When it comes to selling the idea of using 3D printing to customers – or in some cases, medical patients – the industry is quickly gathering anecdotes and developing a large body of work.
The exploration of 3D printing has become popular among doctors and surgeons in recent years. The creation of transplantable organs and tissue has been successful with customized implants tailored specifically to fit a patient’s anatomy.
There has been one world-first surgery after another in recent years, with jaw bones and skulls, spinal fusions and hip joint replacements, a variety of prosthetic limbs all made possible through 3D printed parts.
Home builders are able to create architectural scale designs and models for new structures, and set props within the movie industry also have incorporated 3D printing.
The automotive industry has been using 3D printing for miscellaneous parts for decades. Aerospace and aviation also use it – in 2013, a 3D printed part was used for the first time in a jet engine.
Even the food industry has experimented with 3D printing with certain foods like pasta, pizza and chocolate having been created.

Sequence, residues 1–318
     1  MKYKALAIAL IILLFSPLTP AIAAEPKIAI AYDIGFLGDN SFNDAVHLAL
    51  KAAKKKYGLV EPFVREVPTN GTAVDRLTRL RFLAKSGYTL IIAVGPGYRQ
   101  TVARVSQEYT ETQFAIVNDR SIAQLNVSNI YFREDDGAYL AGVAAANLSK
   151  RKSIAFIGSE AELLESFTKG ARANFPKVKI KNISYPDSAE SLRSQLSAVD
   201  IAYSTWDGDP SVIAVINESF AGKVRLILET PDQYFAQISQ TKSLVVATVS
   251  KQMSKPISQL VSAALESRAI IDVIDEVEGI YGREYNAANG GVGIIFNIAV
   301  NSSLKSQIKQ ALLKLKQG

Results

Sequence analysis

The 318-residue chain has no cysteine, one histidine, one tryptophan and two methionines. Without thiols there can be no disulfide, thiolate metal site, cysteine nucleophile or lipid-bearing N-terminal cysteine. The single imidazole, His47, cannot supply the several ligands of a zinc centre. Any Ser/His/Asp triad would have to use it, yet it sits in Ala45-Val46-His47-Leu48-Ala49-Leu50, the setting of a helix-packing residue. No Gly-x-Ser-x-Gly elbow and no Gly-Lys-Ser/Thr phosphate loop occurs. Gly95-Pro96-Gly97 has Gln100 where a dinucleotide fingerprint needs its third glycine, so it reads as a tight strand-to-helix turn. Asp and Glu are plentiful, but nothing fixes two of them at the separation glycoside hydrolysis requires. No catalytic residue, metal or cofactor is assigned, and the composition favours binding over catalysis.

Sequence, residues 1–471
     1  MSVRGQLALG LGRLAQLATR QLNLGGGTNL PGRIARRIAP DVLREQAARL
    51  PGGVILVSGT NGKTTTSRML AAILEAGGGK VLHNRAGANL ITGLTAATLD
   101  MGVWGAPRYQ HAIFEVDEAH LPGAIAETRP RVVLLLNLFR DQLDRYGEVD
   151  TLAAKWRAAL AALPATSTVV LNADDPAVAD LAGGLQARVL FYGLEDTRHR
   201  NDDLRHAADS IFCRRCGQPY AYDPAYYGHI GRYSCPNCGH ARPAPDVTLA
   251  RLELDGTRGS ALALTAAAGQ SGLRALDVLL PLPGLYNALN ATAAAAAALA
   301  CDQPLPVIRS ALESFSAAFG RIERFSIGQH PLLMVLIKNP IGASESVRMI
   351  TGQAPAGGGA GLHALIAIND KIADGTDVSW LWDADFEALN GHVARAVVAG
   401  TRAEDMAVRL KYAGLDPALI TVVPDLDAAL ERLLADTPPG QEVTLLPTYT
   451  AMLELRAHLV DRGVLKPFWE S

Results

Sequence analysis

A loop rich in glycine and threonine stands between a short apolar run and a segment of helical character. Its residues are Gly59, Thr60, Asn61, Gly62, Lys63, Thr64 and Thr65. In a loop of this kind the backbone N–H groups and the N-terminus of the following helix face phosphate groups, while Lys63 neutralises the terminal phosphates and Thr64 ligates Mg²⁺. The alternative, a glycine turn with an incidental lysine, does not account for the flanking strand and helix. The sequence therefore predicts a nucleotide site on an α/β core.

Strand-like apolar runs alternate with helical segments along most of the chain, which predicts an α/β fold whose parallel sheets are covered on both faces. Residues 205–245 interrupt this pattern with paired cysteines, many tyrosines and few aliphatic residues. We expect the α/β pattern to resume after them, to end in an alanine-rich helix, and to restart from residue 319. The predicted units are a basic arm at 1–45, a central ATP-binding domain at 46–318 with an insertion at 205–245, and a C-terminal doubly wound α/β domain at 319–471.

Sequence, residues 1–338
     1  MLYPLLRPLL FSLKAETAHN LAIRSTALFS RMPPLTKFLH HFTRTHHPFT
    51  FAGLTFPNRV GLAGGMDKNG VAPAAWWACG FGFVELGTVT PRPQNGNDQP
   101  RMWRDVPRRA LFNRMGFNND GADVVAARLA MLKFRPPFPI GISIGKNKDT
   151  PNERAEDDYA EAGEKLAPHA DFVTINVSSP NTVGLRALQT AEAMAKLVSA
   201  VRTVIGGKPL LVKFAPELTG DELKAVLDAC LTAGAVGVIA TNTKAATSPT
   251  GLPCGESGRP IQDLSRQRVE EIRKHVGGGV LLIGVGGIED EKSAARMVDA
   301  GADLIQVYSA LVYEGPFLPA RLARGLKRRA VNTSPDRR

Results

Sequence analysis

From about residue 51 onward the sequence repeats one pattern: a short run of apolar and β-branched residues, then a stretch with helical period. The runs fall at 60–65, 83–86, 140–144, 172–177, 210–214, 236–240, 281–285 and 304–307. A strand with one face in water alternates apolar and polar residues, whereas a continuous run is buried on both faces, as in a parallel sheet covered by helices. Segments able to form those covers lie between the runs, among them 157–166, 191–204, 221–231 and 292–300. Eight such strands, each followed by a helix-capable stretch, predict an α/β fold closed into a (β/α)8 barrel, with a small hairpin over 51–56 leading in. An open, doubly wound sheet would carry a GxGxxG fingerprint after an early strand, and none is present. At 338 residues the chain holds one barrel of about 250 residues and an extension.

Brand admitted that 3D printers at the Loewen office almost always generate the most conversation.
“I think people are amazed of its capabilities,” he said. “The technology is more mature than some people think. A small manufacturer may think this is way out there for his needs. But that’s not necessarily true. It’s mature, it’s reliable and it’s fairly transformative.”
The years ahead for 3D printing are forecast to be bright with a lot of untapped potential. It’s an industry that is expected to see a significant increase in worldwide revenue – from $3 billion in 2013 to $13 billion in 2018 and upwards of $21 billion before the end of the decade.